« Reluctant Runner and the Terrible, Horrible, No Good, Very Bad Run | Main | Skirting the Issue »

May 08, 2009

Comments

aka Alice

I love this post! What a great way to think about it...real and imaginary problems, and a good strategy to them...I try really hard to not spend time dwelling on the imaginary problems...but oh, so, hard to do sometimes, no?

Mel

Amazing post, you are so right, and there is a huge difference between the real and imaginary. Glad you recognized that and enlightened us! :D

Gord Humphrys

Well Theresa, you have described the feeling that I was recently having after recognizing that my claim to fame of walking the 10k was probably my peak. You serve a such purpose in helping others realizing that we are not all record holders of some sort. You will never hold any record for slacking. I know that if they could just add a couple of more hours to each day you would still get your priorities screwed up and put your own goal on the back burner.

Drop a pebble in the water, splash, and it is gone.
But there's half a hundred ripples circling on and on and on,
Spreading, spreading from the centre, flowing on out to sea, and there is now way of telling where the end is going to be.(a verse frome the poem A Pebble in the Water,by James W. Foley). You keep up the good work child.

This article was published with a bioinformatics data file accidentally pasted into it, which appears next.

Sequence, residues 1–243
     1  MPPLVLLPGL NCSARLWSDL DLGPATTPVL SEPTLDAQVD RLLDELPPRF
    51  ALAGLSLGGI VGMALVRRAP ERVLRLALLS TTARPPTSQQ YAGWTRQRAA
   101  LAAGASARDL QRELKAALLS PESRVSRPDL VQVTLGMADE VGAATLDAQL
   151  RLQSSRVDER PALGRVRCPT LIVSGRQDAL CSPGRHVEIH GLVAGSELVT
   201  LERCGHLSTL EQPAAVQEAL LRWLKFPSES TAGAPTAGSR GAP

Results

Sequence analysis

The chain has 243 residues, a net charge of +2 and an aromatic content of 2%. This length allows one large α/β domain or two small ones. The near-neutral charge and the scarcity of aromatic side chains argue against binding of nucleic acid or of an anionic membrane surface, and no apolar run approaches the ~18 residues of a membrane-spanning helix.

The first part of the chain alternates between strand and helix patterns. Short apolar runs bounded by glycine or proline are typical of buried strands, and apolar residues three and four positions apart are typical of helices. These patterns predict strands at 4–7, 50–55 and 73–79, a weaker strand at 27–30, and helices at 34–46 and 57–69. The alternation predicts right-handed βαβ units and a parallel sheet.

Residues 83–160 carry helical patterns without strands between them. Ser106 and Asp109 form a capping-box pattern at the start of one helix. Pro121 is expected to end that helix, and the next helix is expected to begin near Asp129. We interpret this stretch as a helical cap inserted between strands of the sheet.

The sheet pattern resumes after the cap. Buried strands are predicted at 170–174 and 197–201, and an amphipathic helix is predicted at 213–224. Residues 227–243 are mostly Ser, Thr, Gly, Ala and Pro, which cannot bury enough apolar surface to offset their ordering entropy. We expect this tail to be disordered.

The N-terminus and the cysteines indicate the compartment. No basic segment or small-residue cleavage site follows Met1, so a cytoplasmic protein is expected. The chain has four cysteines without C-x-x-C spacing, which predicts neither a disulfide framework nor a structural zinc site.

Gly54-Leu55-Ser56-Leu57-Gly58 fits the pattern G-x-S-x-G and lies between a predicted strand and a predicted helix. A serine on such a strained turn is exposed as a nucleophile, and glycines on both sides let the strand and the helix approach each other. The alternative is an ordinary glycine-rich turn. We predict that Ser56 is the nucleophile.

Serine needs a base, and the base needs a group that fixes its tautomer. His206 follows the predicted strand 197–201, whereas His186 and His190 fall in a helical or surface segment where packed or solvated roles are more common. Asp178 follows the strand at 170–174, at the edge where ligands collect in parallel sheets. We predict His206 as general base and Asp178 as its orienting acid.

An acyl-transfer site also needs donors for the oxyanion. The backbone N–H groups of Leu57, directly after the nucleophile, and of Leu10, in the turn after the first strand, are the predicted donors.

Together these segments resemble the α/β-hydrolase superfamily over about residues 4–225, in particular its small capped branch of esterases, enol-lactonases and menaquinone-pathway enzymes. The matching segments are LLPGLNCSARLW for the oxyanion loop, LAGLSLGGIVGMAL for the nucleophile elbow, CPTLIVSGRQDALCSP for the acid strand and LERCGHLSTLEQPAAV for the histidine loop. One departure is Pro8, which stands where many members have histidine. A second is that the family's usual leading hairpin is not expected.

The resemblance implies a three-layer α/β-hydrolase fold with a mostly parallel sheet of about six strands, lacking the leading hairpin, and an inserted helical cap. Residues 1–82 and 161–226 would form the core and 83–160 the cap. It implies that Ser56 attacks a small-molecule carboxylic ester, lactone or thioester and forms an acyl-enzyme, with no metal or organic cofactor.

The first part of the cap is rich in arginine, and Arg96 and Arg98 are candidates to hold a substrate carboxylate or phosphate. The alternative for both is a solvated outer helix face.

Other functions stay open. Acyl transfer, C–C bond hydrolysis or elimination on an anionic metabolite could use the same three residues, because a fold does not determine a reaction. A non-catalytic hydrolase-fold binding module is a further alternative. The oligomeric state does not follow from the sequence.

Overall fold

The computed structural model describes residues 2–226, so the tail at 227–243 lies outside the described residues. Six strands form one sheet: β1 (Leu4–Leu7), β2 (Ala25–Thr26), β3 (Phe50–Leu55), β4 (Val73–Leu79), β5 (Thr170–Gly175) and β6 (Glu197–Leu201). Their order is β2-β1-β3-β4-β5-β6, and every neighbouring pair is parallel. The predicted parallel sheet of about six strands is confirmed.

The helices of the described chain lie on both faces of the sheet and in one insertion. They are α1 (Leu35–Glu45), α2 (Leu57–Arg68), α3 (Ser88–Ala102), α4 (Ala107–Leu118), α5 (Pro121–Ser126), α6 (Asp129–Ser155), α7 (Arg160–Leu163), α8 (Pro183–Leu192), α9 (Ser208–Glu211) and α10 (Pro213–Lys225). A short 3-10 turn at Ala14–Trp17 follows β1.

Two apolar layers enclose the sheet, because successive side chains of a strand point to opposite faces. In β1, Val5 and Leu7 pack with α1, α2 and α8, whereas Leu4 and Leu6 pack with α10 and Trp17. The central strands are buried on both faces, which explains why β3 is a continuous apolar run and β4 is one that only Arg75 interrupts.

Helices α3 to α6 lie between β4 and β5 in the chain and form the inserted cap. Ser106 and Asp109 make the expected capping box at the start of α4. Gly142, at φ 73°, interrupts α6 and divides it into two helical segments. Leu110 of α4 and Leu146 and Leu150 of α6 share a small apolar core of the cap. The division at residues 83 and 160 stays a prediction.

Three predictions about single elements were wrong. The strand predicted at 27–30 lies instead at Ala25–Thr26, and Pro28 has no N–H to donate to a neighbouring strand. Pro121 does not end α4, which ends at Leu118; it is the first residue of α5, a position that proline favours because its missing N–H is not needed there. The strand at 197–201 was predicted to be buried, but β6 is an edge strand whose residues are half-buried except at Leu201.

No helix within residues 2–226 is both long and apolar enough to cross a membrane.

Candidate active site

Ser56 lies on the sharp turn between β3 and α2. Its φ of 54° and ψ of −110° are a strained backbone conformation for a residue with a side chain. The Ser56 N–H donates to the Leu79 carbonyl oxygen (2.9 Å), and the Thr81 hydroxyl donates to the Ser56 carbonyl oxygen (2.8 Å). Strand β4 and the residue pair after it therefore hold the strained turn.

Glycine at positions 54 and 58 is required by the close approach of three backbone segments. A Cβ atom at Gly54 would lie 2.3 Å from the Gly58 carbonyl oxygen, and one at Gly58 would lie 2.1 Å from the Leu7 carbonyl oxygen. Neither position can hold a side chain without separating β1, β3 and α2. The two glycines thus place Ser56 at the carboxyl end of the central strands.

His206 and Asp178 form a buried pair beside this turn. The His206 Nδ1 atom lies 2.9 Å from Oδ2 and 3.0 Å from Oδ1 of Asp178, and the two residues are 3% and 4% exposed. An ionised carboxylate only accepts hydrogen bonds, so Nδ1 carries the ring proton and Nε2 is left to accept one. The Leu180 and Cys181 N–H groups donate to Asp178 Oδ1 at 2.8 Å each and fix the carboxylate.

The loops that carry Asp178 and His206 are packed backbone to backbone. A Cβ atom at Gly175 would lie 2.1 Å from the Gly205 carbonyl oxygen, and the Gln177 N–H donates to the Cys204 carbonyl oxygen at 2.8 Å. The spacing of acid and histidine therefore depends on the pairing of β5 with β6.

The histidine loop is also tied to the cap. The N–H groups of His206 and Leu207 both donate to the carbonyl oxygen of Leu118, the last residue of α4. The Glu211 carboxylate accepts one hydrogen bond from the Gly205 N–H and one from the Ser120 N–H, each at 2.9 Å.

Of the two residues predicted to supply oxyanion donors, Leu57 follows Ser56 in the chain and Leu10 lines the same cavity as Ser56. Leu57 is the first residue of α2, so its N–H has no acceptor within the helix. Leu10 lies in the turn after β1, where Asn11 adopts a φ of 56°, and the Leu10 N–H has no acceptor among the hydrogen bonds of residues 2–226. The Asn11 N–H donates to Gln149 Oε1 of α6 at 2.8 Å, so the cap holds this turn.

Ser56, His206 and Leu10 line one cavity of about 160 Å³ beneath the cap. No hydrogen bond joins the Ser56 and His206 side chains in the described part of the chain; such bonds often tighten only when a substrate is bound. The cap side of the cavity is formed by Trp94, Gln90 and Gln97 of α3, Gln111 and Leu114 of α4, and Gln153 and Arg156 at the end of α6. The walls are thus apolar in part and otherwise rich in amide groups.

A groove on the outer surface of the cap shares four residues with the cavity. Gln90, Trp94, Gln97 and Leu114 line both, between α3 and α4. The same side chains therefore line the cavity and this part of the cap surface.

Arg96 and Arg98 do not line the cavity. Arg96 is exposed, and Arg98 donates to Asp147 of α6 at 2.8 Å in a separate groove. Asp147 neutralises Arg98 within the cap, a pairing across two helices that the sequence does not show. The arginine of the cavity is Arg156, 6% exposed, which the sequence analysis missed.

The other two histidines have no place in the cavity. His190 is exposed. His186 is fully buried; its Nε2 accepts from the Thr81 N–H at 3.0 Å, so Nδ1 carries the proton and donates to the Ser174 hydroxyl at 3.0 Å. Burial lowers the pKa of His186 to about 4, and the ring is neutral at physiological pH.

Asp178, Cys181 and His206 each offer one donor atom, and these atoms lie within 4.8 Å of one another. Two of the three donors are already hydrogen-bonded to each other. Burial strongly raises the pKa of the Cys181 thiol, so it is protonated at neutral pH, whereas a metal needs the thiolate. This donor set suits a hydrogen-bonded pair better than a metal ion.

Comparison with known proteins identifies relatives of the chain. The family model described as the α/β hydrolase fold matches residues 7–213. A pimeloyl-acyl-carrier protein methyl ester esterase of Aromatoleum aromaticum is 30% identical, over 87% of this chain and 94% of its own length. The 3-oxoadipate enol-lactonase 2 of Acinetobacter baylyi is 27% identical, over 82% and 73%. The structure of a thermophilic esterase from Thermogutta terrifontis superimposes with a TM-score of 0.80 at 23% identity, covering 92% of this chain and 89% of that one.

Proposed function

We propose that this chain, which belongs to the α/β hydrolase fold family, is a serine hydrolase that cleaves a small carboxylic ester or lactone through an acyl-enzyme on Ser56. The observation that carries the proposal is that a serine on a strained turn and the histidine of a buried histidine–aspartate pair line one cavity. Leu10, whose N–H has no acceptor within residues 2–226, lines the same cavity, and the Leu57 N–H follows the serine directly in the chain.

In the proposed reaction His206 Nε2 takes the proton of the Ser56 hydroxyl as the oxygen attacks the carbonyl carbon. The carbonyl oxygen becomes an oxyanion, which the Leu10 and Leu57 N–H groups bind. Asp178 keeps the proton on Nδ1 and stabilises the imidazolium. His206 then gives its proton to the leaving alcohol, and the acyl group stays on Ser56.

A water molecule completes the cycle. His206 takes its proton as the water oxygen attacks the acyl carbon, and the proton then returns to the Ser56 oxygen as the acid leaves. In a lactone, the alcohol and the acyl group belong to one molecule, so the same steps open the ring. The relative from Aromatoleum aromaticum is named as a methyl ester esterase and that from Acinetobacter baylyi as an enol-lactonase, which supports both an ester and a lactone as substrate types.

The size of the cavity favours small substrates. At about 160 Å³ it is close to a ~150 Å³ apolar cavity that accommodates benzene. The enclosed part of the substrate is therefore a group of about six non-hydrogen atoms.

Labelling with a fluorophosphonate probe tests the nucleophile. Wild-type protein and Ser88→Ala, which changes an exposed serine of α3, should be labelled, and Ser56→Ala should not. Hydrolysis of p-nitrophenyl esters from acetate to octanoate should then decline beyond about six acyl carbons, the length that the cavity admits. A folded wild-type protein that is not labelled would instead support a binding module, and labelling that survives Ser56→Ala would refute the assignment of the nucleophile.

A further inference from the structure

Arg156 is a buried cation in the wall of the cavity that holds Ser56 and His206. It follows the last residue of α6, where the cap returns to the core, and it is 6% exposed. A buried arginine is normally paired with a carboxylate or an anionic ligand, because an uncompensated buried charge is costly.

Kelly

Aww, Gord, you're making me cry over here...

'cause you're right.

And T, you're so very right about the classification of problems.

:-)

You're doin' great, girl.

Nitmos

I-maaa-gination.

I love Sponge Bob.

That is all.

Runnermom

- I’m not a “real runner” if I’m not going fast.

- Completing the half-marathon or any other running event somehow won’t be as much of an accomplishment if I finish one or two minutes slower.

- I’ll never get my speed back.

I feel the SAME WAY lately. Except I never actually had the speed to get back! I have also just stopped taking my multivitamin since the marathon. Maybe if we just take a little bit better care of ourselves, we'll be better than ever. But it is disheartening to be slower than before. It makes running feel like a disappointment, and that's never good.

Claus Brandes

Theresa,I just biked about 25 KM-and anyone who has ever run a Marathon be it fast or slow surlely impresses me! Claus

The comments to this entry are closed.

My Photo

TypePad Profile

Get updates on my activity. Follow me on my Profile.
Blog powered by Typepad